can dns take 1 ip and use cname to trans?


S

s_m_b

Problem we have:
We are about to switch web servers and those in power want it to be
'seamless'. For various reasons a short ttl was rejected.
Because we run the two servers in our dmz, the redirect from server (old)
to server (new) has to use the external ip not the internal one.
Whilst the external one works for the internet, we're blind from the
network (again various reasons) whilst its on, so I need to fid a way to
get the redirect ip picked up by our internal dns and somehow translated to
its dmz one.
The obvious solution, I thought, was a cname 'www2' for the internal ip
that could then be used by the A record for the external address.

Seems not, though. Is there another way around this one?
in simple terms we need to do

'new server external address' -> 'new server internal address'
where the external one is used by IIS redirect, and networked PCs cannot
get to this address.
 
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H

Herb Martin

s_m_b said:
Problem we have:
We are about to switch web servers and those in power want it to be
'seamless'. For various reasons a short ttl was rejected.

That was likely an ignorant (meaning without the knowledge to understand
the problem) 'decision'.

What possible reason would this be rejected other than failure to plan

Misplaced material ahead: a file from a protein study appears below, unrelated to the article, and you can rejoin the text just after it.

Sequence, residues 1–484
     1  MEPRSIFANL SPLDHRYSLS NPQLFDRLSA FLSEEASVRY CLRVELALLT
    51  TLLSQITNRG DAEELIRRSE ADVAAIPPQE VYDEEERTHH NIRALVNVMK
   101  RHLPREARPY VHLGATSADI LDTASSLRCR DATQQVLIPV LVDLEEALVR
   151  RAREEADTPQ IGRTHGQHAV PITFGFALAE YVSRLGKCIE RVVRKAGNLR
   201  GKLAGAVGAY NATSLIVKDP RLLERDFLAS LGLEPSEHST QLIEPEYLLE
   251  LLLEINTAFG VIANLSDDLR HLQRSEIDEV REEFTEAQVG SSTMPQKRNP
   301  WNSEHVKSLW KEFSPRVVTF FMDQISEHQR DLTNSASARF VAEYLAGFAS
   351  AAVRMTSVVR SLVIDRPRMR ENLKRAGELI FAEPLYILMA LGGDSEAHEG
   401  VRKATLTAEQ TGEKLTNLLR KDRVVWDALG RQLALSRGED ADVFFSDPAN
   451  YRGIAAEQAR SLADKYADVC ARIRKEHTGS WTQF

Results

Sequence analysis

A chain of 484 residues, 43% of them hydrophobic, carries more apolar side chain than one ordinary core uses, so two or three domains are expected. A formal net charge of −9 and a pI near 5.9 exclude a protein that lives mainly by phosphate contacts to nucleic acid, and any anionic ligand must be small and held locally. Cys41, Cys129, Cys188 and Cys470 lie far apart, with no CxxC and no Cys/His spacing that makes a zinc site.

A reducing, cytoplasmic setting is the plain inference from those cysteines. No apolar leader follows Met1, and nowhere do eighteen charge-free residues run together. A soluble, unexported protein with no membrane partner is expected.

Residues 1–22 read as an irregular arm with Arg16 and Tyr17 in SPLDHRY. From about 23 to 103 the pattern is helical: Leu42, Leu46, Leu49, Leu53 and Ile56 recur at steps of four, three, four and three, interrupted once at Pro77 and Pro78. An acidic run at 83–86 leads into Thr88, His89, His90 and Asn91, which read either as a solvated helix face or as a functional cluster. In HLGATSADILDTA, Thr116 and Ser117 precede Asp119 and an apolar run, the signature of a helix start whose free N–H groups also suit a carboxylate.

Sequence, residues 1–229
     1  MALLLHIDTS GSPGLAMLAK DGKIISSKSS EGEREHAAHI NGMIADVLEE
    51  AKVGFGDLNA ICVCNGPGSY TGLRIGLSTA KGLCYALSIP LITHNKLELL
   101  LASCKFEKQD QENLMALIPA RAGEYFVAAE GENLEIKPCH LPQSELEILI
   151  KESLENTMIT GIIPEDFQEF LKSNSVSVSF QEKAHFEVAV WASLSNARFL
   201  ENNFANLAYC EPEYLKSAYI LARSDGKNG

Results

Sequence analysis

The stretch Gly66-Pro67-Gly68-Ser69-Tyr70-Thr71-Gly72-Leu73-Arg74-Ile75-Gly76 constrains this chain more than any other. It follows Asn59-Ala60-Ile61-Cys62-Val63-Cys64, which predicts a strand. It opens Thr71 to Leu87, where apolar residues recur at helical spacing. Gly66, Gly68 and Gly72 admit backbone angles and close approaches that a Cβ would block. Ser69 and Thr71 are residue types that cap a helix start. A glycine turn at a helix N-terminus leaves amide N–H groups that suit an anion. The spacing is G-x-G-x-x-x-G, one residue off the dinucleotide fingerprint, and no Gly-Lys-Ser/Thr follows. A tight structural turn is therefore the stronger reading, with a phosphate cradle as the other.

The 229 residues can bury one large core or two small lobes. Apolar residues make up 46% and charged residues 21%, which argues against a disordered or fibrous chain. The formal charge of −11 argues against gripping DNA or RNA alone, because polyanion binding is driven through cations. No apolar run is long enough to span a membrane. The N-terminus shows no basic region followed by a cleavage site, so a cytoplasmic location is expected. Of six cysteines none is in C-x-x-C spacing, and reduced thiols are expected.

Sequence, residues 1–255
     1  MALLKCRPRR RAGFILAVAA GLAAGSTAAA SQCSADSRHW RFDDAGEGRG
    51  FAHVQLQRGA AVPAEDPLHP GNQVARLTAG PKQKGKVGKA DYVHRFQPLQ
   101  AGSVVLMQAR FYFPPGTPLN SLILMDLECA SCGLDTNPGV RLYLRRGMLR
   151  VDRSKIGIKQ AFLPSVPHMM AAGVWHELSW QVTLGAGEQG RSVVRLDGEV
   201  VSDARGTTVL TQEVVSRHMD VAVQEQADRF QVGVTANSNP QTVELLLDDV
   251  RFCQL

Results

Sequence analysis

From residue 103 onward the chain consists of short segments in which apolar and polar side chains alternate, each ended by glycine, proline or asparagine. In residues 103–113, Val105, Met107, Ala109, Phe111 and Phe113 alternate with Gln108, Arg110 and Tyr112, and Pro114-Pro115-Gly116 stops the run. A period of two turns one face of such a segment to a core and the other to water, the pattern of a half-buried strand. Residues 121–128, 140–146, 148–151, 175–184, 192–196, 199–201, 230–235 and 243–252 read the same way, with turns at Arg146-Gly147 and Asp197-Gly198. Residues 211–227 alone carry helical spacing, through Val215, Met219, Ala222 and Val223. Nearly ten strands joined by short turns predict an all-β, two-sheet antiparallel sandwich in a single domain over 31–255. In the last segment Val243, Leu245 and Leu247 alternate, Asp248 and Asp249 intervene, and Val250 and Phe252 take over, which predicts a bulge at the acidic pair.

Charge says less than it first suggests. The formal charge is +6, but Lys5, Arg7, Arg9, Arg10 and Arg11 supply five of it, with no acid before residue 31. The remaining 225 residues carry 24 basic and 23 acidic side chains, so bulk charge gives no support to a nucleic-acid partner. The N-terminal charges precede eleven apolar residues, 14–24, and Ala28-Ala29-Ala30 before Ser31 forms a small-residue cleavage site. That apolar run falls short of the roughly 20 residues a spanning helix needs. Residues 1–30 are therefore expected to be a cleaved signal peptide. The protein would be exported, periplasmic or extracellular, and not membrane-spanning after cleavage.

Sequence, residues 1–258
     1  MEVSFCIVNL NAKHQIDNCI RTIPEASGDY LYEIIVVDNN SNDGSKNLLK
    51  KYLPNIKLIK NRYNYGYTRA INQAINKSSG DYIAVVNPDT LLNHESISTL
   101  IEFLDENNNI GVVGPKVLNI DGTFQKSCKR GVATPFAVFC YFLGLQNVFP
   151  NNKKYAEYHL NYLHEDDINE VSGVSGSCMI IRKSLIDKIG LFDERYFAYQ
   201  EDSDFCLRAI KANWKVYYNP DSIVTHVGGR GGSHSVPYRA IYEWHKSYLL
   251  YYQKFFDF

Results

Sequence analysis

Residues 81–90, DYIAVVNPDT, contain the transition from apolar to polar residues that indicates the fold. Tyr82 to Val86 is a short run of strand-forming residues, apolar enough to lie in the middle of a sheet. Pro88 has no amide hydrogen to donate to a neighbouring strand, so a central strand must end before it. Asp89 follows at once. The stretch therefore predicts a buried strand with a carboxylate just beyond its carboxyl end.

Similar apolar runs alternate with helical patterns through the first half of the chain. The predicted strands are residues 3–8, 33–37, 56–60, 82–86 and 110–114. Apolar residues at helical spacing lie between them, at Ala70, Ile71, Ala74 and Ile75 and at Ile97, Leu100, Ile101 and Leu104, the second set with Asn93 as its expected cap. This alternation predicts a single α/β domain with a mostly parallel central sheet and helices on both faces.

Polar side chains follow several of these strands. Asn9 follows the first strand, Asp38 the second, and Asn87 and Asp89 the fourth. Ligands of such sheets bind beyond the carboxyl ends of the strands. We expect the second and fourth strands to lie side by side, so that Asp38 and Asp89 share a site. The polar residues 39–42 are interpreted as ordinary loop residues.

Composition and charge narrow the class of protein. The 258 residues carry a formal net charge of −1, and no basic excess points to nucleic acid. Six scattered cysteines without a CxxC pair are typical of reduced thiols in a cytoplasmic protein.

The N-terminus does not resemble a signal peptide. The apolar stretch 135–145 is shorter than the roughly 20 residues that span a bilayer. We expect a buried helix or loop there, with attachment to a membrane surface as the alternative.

which YOU seem to be doing?
Because we run the two servers in our dmz, the redirect from server (old)
to server (new) has to use the external ip not the internal one.

Just remove the old one, and keep them both online until the (LONG) TTL
expires and no one is still using the old one.
Whilst the external one works for the internet, we're blind from the
network (again various reasons) whilst its on, so I need to fid a way to
get the redirect ip picked up by our internal dns and somehow translated
to
its dmz one.

The way you are TRYING to do it has nothing to do with DNS -- you just
put a redirect in ALL the web pages (someone may be bookmarked deep
inside) of the old web server.

This is not the best way to do it, because playing with DNS records and
reducing the TTL is EASY.
The obvious solution, I thought, was a cname 'www2' for the internal ip
that could then be used by the A record for the external address.

No, CNAME give you two names ro ONE Server IP address.
Seems not, though. Is there another way around this one?
in simple terms we need to do

Yes, do it right -- they way you knew how to do it.

You may have to EXPLAIN this carefully to whoever it making decisions
but that is the best way to get "around this one".
 
S

s_m_b

Well thanks for wonderfully sarcastic post.
I myself am responding to other people's lack of planning, not my lack of
planning.
That was likely an ignorant (meaning without the knowledge to
understand the problem) 'decision'.

What possible reason would this be rejected other than failure to plan
which YOU seem to be doing?
Mainly our ISP cannot guarantee an immediate response for making DNS
updates. They expect notice of several hours.

Just remove the old one, and keep them both online until the (LONG)
TTL expires and no one is still using the old one.

were it that simple. The new one has to be proved (please don't ask)
before we remove the fallback (the old server)
The way you are TRYING to do it has nothing to do with DNS -- you just
put a redirect in ALL the web pages (someone may be bookmarked deep
inside) of the old web server.

Again, were it that simple....